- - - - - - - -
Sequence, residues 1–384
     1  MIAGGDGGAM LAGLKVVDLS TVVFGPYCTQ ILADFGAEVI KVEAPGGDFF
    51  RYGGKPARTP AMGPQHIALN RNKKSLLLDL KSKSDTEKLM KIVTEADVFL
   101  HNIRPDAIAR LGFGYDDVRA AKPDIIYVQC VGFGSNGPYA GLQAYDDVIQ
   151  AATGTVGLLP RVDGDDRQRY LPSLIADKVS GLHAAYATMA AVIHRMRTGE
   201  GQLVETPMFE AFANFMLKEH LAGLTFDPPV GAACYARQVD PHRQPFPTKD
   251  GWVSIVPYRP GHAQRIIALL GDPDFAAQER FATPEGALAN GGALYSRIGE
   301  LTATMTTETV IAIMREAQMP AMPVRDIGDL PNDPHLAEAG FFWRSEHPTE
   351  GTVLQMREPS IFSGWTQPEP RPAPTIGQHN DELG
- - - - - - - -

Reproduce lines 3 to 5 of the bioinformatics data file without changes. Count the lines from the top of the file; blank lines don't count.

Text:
    51  RYGGKPARTP AMGPQHIALN RNKKSLLLDL KSKSDTEKLM KIVTEADVFL
   101  HNIRPDAIAR LGFGYDDVRA AKPDIIYVQC VGFGSNGPYA GLQAYDDVIQ
   151  AATGTVGLLP RVDGDDRQRY LPSLIADKVS GLHAAYATMA AVIHRMRTGE